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- GDP (PPP):
- $3.7 billion
- 0.5% growth
- 6.2% 5-year compound annual growth
- $882 per capita
- Inflation (CPI):
- FDI Inflow:
Liberia’s reform-minded government has managed to place the country on a path of growth despite the challenging economic environment. Reforms have dismantled some of the barriers to trade, simplified business licensing, and eased credit restrictions, contributing to an average growth rate of over 6 percent over the past five years.
Economic Freedom Snapshot
- 2016 Economic Freedom Score: 52.2 (down 0.5 point)
- Economic Freedom Status: Mostly Unfree
- Global Ranking: 143rd
- Regional Ranking: 34th in Sub-Saharan Africa
- Notable Successes: Trade Freedom
- Concerns: Property Rights, Corruption, and Regulatory Efficiency
- Overall Score Change Since 2012: +3.6
Progress and gains from previous reforms continue to be undermined or disrupted by institutional shortcomings. The country has little margin for dealing with crises of any sort. Further reforms, particularly strengthening the rule of law and improving regulatory efficiency, are critical to promoting long-term economic development.
In the early 1990s, civil war killed 250,000 Liberians. A peace agreement was reached in 1995, and rebel leader Charles Taylor was elected president in 1997. He was forced to step down in 2003 and was found guilty of war crimes in 2012. Ellen Johnson Sirleaf, president since 2005, was awarded the Nobel Peace Prize in 2011. Liberia remains fragile. In 2013, the United Nations Refugee Agency repatriated 155,000 Liberians who had fled during the civil war. Rampant corruption, high unemployment, and widespread illiteracy hinder development. Political instability has driven out many foreign investors. Liberia is rich in natural resources, including rubber, mineral resources, and iron ore. It was one of the countries hit hardest by the 2014 Ebola outbreak in West Africa.
Corruption remains pervasive. Liberia was the first African state to comply with the Extractive Industries Transparency Initiative rules governing natural-resource extraction, and a number of institutions are devoted to fighting corruption, but they lack the resources and capacity to function effectively. The judiciary lacks adequate facilities. Property rights are not strongly protected, and the rule of law remains uneven across the country.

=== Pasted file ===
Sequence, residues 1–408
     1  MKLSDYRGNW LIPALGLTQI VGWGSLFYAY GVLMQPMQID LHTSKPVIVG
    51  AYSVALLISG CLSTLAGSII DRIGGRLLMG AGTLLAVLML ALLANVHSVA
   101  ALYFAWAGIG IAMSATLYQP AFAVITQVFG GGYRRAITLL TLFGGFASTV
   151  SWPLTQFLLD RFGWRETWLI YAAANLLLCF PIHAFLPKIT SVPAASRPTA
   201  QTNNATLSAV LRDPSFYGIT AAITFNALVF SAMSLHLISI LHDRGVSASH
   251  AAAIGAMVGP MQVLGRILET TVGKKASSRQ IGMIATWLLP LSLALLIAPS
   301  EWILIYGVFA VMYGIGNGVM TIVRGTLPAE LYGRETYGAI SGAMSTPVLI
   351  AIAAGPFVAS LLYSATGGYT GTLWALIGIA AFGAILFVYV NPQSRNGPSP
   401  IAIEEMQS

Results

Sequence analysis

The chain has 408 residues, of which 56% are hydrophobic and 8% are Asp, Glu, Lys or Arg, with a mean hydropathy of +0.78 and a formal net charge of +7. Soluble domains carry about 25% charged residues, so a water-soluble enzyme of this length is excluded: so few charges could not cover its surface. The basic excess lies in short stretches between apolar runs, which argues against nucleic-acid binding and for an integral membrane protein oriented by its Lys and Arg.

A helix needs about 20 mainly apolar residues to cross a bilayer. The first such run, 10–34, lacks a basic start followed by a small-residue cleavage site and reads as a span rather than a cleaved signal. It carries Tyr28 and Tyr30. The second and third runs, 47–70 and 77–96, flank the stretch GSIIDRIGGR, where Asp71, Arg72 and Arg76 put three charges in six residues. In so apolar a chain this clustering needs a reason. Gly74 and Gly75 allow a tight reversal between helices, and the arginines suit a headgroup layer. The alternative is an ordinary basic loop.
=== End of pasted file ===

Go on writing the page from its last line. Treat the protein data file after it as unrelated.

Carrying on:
Liberia’s top individual and corporate income tax rates are 25 percent. Other taxes include a property tax and a goods and services tax. The overall tax burden equals 19.2 percent of total domestic income. Government spending is equivalent to 32.8 percent of GDP. The budget has been in chronic deficit. Public debt amounts to about 33 percent of total domestic output.
Considerable effort has been made to modernize the regulatory framework. The business start-up process is more straightforward, with no minimum capital required. The labor market is underdeveloped, and about 80 percent of the workforce is engaged in informal activity. Following the Ebola crisis, the government increased subsidies for education and health care and received higher levels of subsidized food aid from international donors.
Liberia’s average tariff rate is 6.1 percent. Several sectors of the economy are reserved for domestic investors. Foreign investors may not own land. The government may not expropriate property without providing compensation. The high cost of credit and scarce access to financing hinder private-sector development. A large part of the population remains outside of the formal banking sector.